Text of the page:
John Klar announcing his run in front of the Statehouse
A Republican lawyer and farmer from Brookfield who announced Monday he will challenge Phil Scott for governor next year immediately came under fire for his positions on abortion and transgender people.
John Klar, 56, outlined at a press event in Montpelier and in an interview with Seven Days a brand of fiscal conservatism that he says is exactly what the state needs to stave off financial ruin.
High taxes are driving businesses and people from the state at the same time pension debt is soaring, meaning that if the economy sputters, the state could find itself in real trouble, he asserted.
“If that happens, we’re looking at bankruptcy,” Klar said. “If we don’t fix this, the state is going to have its credit rating downgraded again.”
But it was his views on social issues, not fiscal ones, that earned the former pastor swift condemnation from the political establishment.
Klar, who has never held public office, is opposed to abortion. He referred to it in an interview as “extermination” of babies, then quickly revised that to "termination." He said his “compromise” position was to call for a state ban on third-trimester abortions, which he likened to “infanticide.”
He also published an op-ed last month titled “Transgender surgery is the lobotomy of the 21st century” on the website American Thinker. He stood by the piece in an interview.
The Vermont Democratic Party denounced his “archaic stances” and further called his positions evidence of the “growing decay within the Vermont Republican Party.”
“Mr. Klar and his divisive, close-minded, and downright disgusting rhetoric has no place in our public discourse,” party spokesperson R. Christopher Di Mezzo said in a statement. “His voice is not one to be celebrated, rather, his place in our politics should be scrutinized from every angle.”
Vermont Republican Party chair Deb Billado could not be reached for comment.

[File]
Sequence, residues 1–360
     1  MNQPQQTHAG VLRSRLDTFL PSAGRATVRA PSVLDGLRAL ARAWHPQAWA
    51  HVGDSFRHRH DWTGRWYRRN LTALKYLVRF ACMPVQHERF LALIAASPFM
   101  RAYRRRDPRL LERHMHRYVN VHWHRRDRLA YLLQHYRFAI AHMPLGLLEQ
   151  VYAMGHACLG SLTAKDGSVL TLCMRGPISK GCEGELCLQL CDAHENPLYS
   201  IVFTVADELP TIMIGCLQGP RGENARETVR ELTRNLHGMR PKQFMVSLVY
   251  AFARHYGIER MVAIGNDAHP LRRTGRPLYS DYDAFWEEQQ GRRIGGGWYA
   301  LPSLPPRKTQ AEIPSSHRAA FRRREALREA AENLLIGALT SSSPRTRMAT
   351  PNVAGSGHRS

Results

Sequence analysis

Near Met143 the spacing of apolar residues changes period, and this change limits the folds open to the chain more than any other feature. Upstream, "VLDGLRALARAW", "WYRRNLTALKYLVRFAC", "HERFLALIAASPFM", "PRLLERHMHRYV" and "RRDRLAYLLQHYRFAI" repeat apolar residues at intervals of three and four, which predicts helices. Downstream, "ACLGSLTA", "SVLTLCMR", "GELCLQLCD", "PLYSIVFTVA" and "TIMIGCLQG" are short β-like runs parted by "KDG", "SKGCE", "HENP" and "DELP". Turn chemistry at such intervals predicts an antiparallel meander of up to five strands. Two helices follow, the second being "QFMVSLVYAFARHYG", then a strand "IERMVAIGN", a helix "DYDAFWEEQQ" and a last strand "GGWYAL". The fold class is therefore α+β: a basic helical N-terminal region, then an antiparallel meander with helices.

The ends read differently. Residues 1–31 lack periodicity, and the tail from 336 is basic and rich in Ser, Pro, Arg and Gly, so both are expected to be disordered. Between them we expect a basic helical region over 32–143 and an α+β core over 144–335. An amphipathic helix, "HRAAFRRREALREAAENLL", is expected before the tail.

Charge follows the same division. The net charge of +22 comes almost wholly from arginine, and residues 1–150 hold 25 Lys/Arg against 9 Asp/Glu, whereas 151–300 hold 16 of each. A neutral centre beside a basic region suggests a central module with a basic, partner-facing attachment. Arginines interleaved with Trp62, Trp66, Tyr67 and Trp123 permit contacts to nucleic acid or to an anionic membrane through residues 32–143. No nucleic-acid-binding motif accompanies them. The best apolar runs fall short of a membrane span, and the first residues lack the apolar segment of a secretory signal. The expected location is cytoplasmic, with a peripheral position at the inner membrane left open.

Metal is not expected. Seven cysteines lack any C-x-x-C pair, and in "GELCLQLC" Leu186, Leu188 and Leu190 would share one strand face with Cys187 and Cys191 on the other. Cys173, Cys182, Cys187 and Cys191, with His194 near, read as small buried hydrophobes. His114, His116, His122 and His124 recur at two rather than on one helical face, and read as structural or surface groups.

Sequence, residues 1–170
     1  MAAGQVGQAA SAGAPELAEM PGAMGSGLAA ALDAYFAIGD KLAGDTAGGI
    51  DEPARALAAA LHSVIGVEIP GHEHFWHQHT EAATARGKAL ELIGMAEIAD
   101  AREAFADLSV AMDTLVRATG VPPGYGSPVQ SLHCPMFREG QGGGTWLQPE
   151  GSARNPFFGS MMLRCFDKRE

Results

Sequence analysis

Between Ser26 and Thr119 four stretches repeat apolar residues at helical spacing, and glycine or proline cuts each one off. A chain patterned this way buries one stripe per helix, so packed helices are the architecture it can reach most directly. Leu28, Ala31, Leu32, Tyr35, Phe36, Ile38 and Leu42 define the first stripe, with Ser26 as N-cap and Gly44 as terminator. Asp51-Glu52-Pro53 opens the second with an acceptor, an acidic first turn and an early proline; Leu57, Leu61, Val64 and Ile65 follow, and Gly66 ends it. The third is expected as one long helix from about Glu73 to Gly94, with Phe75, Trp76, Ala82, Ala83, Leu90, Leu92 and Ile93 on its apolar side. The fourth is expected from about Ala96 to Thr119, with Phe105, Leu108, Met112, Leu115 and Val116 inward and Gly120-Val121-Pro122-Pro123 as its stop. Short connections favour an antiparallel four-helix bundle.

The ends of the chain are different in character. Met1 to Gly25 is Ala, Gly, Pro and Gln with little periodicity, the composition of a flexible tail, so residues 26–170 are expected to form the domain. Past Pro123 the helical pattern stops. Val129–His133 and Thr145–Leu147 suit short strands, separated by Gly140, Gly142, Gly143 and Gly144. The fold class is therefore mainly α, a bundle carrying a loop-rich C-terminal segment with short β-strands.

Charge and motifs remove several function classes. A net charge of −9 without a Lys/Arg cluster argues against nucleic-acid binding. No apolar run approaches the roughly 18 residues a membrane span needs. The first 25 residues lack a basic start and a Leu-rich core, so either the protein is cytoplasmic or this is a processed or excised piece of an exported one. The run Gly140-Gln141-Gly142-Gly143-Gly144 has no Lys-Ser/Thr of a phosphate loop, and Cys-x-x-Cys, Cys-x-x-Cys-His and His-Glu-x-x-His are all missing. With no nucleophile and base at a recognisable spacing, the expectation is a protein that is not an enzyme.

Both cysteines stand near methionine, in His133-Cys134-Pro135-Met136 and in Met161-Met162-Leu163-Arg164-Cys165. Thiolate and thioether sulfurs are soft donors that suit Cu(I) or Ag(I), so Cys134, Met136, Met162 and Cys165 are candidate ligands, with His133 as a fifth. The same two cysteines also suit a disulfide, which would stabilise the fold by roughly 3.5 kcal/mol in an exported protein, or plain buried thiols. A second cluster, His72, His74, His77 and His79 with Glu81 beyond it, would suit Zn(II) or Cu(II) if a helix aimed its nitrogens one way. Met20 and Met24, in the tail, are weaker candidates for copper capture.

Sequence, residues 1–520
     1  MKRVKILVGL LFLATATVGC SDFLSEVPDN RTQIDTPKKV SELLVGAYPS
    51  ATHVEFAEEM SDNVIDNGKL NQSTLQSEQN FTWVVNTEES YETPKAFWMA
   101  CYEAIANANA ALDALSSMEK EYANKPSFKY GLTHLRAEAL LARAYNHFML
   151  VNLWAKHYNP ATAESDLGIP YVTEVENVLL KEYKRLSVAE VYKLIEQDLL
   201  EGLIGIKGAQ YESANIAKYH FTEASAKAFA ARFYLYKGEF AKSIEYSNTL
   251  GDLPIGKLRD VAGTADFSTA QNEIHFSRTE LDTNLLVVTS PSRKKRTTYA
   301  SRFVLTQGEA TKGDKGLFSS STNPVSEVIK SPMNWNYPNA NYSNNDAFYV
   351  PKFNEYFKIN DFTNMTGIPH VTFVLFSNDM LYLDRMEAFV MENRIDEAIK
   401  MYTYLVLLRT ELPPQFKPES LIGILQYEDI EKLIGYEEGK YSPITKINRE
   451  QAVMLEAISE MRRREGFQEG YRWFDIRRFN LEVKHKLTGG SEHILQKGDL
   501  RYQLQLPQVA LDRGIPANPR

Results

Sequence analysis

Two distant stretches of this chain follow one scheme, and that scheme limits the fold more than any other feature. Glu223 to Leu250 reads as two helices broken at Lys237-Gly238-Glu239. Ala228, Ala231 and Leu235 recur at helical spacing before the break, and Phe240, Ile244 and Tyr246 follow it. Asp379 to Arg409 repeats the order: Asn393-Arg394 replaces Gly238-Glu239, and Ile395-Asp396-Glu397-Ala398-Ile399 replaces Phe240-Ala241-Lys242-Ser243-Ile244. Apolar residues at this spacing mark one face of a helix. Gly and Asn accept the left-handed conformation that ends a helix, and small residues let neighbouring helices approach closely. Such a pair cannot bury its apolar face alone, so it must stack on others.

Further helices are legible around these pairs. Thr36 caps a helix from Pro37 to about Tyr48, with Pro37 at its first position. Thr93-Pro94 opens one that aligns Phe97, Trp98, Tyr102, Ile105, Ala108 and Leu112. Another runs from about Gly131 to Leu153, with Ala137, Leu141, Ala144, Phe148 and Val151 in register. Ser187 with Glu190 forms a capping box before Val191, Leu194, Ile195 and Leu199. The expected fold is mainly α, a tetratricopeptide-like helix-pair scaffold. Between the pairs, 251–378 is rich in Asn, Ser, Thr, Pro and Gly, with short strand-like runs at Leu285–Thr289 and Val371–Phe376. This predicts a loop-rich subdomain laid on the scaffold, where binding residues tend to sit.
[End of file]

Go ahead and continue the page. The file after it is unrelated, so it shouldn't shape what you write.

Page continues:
Klar said that he mentioned nothing about transgender issues at his press conference, and instead focused on gun rights, economic development, keeping schools open and tackling teacher pension debt.
The fact that Democrats went after him for something that isn’t core to his platform shows that they’re not able to address the issues he’s raising directly, he said.
“I like that they’re going after what they see as my weak points, because they can’t handle my strong points,” Klar said.
Klar does seem to have a taste for incendiary political rhetoric. During his rally in Montpelier he argued the state government had "grown like a bloated tick off the blood of working Vermonters."
Scott doesn’t seem too worried about a primary challenge from the little-known candidate, at least not yet.
“The Governor is only 11 months into his term, and he remains solely focused on achieving real results to improve the lives of Vermonters, grow the economy, make Vermont more affordable and protect the most vulnerable,” his spokesperson Rebecca Kelley said.
The Republican primary is not until next summer, which gives Klar time to improve his name recognition and profile in the state.
Despite criticism that Scott reneged on campaign pledges to protect gun rights, Scott made quick work of his last primary challenger. In August of 2018, he defeated Keith Stern, grocer from North Springfield, by a two-to-one margin.
He went on to win reelection to a second term last year, beating the first openly transgender major party gubernatorial candidate, Democrat Christine Hallquist.